Almost every pet owner will tell you that they consider their pet to be a member of their
family, so shouldn’t those beloved furry friends be part of your Estate Planning conversation? We think yes.
While the legalities of pet guardianship are often debated, there are several options to choose from to help ease the pain that comes when a loved one passes, specifically, if that person is a pet parent.
What Happens to Your Pet After You Die? Pet Guardianship vs Pet Ownership Pet Guardian Rights: What Are My Options? Will or Power Of Attorney Pet Trust Charitable Organization
What Happens to Your Pet After You Die?
There are various circumstances that will affect your pet after your passing. Most importantly, did you create a direct plan in advance specifically regarding your pet’s well-being?
While most assume they will outlive their pet — as animal life spans are usually shorter than human ones — there are unexpected situations that can prevent this desired outcome. This leads to wondering: “can I address my pet in my Will?” “do pets have legal rights?” and “are there multiple options available to choose from?” The short answers: “yes”, “some”, and “yes” respectively, read on as we address them.
Pet Guardianship vs Pet Ownership
If you’ve ever wondered “What is the difference between a pet guardian and owner?” you’re not alone. This is a widely discussed topic among pet lovers, animal rights activists and public policy-makers alike; and the logistics can be confusing. So let’s start by simply breaking down the words “ownership” and “guardianship”.
The term ownership refers to the possession of property; primarily, inanimate or material goods. Guardianship is defined as “the position of protecting or defending something” or, in this, “the position of being legally responsible for the care of someone who is unable to manage their own affairs.”
Under current law, guardianship is reserved for people and ownership is reserved for animals. This means that your pet would be categorized the same as your car or TV in the event you pass away unexpectedly or without a plan in place.
Pet Guardian Rights: What Are My Options?
The following are several paths you can take to guarantee your pet’s comfort and happiness:
Will or Power Of Attorney: One of the simplest ways to ensure the long-term well-being of your pet is to address them in your Will while appointing a reliable caregiver (typically a friend or family member) and leaving them a sum of money dedicated to caring for your pet — although leaving them money is not required. Note that your chosen caregiver will not technically have a legal obligation to care for your furry friend, even if it is explicitly stated in your Will. However, electing a trustworthy individual and giving them advanced notice should be enough to secure your pet’s safety and happiness.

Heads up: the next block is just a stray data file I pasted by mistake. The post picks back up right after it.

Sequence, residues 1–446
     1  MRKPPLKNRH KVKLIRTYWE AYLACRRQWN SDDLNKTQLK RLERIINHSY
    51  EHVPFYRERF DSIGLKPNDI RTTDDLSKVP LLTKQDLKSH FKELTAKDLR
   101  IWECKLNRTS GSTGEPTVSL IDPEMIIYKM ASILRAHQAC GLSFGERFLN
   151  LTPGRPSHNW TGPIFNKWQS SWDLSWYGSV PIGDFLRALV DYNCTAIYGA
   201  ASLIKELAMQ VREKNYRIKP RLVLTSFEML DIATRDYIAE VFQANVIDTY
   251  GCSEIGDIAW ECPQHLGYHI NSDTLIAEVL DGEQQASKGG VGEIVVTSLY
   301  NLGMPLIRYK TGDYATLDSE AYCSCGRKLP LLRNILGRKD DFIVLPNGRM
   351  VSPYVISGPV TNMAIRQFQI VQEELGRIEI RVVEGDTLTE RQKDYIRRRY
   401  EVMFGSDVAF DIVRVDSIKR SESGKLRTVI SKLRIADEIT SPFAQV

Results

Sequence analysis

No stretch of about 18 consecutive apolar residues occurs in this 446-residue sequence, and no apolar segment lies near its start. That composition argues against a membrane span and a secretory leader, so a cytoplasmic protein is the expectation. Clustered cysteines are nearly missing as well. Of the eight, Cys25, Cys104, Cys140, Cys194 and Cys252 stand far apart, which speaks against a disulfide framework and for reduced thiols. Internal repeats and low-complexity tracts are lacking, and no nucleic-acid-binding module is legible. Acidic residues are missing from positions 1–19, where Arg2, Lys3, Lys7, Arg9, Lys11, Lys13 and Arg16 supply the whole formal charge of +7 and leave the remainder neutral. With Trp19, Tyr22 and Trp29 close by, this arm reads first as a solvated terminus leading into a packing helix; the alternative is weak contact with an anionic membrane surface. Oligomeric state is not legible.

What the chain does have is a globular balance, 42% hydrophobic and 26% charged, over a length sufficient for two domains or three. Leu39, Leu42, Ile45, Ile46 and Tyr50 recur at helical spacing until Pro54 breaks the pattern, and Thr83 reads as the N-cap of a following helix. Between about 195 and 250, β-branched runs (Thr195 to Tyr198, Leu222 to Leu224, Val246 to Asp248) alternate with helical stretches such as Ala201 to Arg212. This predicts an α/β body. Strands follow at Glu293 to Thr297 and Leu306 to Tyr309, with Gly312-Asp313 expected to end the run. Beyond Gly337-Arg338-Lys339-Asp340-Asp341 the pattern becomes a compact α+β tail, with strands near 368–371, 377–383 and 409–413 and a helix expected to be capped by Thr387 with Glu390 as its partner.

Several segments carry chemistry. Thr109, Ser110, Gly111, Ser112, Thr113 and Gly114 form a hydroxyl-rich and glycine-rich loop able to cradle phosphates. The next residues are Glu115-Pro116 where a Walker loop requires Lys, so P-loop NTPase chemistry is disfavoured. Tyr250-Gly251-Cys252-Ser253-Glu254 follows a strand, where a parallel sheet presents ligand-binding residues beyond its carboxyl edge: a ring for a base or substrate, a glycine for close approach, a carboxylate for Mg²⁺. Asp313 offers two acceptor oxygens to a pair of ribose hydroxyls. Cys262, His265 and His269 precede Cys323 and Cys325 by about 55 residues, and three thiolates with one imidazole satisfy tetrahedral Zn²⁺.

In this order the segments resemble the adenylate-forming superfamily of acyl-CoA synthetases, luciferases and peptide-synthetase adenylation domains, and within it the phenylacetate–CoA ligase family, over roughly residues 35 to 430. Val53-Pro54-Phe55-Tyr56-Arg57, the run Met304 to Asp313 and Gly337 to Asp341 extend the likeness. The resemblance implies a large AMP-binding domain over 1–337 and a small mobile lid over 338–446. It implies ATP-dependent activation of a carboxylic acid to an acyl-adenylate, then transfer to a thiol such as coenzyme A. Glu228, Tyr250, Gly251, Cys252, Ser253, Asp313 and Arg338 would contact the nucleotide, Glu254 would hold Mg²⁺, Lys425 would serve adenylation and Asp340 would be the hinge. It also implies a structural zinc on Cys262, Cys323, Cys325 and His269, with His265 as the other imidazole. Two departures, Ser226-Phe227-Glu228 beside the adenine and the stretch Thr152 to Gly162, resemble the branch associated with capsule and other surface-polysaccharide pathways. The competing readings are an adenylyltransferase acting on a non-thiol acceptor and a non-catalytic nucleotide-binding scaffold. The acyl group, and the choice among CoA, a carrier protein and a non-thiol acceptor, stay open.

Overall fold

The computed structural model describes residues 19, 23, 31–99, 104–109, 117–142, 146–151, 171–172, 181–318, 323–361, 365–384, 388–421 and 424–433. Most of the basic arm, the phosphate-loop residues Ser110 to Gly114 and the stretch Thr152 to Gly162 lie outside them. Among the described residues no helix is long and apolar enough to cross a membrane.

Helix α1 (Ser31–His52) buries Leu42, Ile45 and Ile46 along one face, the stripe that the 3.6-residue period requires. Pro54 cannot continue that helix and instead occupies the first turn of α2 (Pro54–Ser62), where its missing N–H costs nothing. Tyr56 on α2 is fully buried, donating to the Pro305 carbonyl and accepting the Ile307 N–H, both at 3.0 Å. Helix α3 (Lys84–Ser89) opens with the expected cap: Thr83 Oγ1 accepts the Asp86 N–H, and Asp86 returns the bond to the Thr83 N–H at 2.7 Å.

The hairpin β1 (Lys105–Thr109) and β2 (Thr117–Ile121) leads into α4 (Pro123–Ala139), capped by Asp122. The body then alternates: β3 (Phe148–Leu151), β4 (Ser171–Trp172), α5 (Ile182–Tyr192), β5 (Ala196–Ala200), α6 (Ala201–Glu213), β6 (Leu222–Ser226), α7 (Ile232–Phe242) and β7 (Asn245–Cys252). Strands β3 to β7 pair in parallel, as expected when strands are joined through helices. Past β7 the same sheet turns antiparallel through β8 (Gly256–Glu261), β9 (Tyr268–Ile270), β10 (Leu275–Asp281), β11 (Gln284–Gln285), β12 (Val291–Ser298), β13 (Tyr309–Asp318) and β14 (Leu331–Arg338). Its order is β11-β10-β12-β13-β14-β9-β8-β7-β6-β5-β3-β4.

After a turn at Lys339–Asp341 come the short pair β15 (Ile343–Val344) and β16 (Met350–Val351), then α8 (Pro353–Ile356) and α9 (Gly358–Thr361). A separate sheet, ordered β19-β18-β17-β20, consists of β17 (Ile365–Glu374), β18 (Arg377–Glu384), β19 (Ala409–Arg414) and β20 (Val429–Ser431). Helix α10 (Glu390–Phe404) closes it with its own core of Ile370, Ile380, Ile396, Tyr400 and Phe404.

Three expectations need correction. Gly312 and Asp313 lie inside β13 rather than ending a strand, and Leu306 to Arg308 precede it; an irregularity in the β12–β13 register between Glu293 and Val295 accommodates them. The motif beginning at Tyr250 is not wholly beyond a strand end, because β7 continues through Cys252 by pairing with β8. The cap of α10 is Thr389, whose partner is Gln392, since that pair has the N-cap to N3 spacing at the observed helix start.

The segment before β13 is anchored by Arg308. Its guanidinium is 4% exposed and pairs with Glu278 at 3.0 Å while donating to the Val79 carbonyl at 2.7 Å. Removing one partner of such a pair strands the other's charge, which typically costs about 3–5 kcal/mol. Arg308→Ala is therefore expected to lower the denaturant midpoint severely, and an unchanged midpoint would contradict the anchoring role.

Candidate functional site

Electing a Power of Attorney is another viable option when it comes to caring for your pet after your passing. Opting for a Power of Attorney means you are authorizing another person to handle all of your affairs, including making arrangements for your pet, in the event you become incapacitated.
Pet Trust: Creating a pet trust is another great Estate Planning tool and similar to including your pet in your Will or living trust. The biggest difference, however, is that whomever you choose to act as your pet’s guardian will have a legal obligation to follow through with the agreement. Pet trusts work like this: you appoint a trustee, create a written document of instructions on how exactly to care for your pet and leave the trustee however much money you believe it will cost to support your pet for the remainder of its life.
There is one legal caveat to keep in mind if you decide to utilize a pet trust: in the event you leave your trustee more money than necessary to care for your pet, the trustee has the option to give the remaining funds to alternate beneficiaries listed in your Will.
Charitable Organization: In the event you’re unable to find a suitable person to care for your pet after your death or incapacitation, a charitable organization may be able to provide you some comfort. Several programs were created to help find appropriate homes for pets whose owners passed away without defining specific arrangements in their Wills or the entire absence of a Will.
Providing for your pets in a Will and updating your Will regularly is the very first step, and it’s an important one. But more importantly, you should register your updated Will and store it in a safe place. liteWill lets you register your Will and store an electronic copy of your Will. Otherwise, all the good work that you have done becomes irrelevant if your person of confidence is not able to find your Will in a timely manner. ‘A Will that is not registered is like a Will that does not exist’.
This portion of the website is for information only. The statements and opinions are the expression of their author, not of liteWill, and have not been evaluated for accuracy, completeness or changes in the law. Information contained in this article is not a substitute for tax or legal advice.
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